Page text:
The denizens of www.recovertogether.com hold fast onto recovery culture, knowing you can’t do it alone, but purposefully separating yourself from others. These four characters had some of the best moments in the play. In addition to Haikumom, there’s 20-something Orangutan, played by Keiko Green, Japanese by birth but raised by a white family in Maine. And artless and savagely protective father figure Chutes & Ladders, presented with a lovely unassuming touch by G. Valmont Thomas, a low-level IRS pencil pusher.
The chemistry between Green and Thomas had me eating out of their hands, and eventually forgiving some of the formulaic writing from the author. The resolution of their story was sewn up a little too tidily, but the moments that passed between Green and Thomas were so enticing, so engrossing and so charming, that I didn’t care about anything else.
The fourth and final member of the online forum is newcomer, Philadelphia social elitist and obviously named Fountainhead; a highly paid computer programmer and entrepreneur with a young family who is so in denial, he comes on the forum and practically pronounces he doesn’t need anyone’s help. He is played by the charming Jeff Allen Pierce.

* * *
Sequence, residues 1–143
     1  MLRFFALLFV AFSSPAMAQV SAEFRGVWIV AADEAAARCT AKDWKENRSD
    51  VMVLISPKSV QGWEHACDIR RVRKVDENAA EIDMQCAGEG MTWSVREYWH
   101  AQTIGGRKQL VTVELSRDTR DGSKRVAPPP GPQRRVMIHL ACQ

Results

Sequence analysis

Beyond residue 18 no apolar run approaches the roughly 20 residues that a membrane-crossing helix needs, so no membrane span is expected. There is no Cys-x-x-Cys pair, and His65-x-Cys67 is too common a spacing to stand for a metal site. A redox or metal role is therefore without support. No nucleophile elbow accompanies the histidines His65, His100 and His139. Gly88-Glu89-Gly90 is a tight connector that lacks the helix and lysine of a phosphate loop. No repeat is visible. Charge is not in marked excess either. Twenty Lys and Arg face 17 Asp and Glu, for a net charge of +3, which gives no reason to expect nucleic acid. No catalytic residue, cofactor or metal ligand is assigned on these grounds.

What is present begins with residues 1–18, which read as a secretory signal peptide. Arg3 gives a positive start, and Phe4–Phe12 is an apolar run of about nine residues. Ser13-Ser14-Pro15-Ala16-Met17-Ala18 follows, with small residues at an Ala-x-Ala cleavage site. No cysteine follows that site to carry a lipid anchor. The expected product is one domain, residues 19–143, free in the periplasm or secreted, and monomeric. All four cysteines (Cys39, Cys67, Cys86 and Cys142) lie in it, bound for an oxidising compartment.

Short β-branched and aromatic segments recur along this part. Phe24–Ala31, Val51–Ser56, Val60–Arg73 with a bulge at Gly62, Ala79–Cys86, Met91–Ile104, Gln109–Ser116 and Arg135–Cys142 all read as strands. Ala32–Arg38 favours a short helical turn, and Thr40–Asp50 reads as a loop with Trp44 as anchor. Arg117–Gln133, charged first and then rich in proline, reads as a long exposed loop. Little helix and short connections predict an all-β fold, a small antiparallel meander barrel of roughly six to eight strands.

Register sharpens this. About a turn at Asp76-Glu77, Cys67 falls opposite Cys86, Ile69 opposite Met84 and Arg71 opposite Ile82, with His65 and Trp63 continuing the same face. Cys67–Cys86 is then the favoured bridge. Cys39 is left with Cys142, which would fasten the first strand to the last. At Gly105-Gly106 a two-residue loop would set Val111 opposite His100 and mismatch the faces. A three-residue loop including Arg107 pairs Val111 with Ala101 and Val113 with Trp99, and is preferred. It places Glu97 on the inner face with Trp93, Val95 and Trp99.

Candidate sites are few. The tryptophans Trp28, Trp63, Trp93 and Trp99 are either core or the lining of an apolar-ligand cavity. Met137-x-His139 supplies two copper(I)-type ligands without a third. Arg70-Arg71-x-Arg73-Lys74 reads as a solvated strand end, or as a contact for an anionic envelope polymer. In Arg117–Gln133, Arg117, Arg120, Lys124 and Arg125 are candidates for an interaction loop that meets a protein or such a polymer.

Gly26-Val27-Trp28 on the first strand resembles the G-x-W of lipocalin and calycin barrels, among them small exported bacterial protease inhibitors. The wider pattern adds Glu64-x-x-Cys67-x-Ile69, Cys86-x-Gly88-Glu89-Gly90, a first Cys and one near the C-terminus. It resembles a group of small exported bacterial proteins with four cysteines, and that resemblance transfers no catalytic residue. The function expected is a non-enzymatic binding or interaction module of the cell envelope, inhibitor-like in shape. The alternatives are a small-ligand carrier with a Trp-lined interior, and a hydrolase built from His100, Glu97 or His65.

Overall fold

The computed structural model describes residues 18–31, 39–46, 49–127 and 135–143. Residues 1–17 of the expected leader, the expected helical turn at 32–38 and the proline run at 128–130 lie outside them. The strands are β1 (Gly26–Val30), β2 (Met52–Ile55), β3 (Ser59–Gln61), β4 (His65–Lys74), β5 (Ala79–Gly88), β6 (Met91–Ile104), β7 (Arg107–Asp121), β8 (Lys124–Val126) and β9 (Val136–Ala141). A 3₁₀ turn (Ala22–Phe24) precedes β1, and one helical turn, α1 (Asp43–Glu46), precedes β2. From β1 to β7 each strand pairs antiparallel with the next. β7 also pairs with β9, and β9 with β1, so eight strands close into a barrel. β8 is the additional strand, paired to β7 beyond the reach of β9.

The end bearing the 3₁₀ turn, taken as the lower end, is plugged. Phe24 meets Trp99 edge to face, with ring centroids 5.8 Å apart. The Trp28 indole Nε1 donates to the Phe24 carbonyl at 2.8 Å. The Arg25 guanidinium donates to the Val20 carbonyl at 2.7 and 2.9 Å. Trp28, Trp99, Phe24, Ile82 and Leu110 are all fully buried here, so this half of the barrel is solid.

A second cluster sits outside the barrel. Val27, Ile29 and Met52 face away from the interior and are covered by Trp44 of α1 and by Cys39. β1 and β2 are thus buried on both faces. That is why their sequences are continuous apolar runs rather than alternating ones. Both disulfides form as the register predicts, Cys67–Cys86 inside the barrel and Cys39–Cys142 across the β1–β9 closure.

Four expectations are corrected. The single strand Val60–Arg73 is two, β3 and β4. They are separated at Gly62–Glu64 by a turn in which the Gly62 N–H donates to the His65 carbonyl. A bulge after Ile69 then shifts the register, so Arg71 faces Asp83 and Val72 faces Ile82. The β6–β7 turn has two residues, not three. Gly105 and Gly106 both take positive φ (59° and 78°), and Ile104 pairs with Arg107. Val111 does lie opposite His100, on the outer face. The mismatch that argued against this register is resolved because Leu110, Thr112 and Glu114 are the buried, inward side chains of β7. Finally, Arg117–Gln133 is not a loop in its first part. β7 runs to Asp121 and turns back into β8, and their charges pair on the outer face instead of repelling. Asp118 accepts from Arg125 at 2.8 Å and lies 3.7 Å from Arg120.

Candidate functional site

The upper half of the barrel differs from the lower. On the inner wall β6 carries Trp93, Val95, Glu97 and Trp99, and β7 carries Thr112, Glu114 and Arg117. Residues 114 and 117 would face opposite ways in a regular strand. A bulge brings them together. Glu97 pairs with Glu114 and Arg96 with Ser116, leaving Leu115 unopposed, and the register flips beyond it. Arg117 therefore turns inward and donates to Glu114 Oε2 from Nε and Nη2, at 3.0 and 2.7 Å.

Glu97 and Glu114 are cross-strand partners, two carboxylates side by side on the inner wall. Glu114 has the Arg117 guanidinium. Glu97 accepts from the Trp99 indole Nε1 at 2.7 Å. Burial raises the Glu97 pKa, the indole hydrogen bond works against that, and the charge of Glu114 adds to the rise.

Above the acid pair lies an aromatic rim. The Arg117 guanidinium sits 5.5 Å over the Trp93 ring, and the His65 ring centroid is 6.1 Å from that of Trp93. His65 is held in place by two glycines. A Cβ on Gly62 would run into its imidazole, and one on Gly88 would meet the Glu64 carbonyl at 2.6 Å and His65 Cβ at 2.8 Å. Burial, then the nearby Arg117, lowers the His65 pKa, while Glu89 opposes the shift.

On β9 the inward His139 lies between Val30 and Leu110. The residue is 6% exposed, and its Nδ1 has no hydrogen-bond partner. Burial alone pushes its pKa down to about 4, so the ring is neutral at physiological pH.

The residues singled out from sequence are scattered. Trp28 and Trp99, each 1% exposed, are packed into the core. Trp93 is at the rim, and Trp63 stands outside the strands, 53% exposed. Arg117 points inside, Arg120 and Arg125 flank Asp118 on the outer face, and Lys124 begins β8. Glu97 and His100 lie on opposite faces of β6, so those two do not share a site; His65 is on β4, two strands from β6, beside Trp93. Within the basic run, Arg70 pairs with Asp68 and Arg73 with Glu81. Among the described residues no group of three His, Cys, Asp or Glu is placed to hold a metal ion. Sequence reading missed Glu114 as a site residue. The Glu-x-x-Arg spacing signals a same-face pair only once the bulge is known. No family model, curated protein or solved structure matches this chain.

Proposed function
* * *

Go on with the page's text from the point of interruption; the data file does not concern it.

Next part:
Major props to Pierce for portraying this character as he did. Fountainhead is someone who could so easily be portrayed as a grating, whimpering snob. Pierce was able to balance the conceited elitism with an earnest, but pointed, ignorance. When his vulnerability and acknowledgement of his own privilege comes through, Pierce generously gives the audience someone to root for, rather than someone to loathe.
In Act 2 the characters finally start to interact and affect each other’s lives. Everyone is struggling with a problem. Elliot’s ghost, played excellently by the eerily hovering Jake Ynzunza, is appearing more often. Fountainhead refuses to reveal his addiction to his wife, secrets are being kept. Acceptance of weaknesses no longer remain unquestioned as Elliot finally confronts his birth mother about her past, and challenges are faced, (just get on the damn plane, Chutes & Ladders!). You are consistently asked to be drawn inward with the tide of despair and pulled out of yourself into the undertow of relieving humor.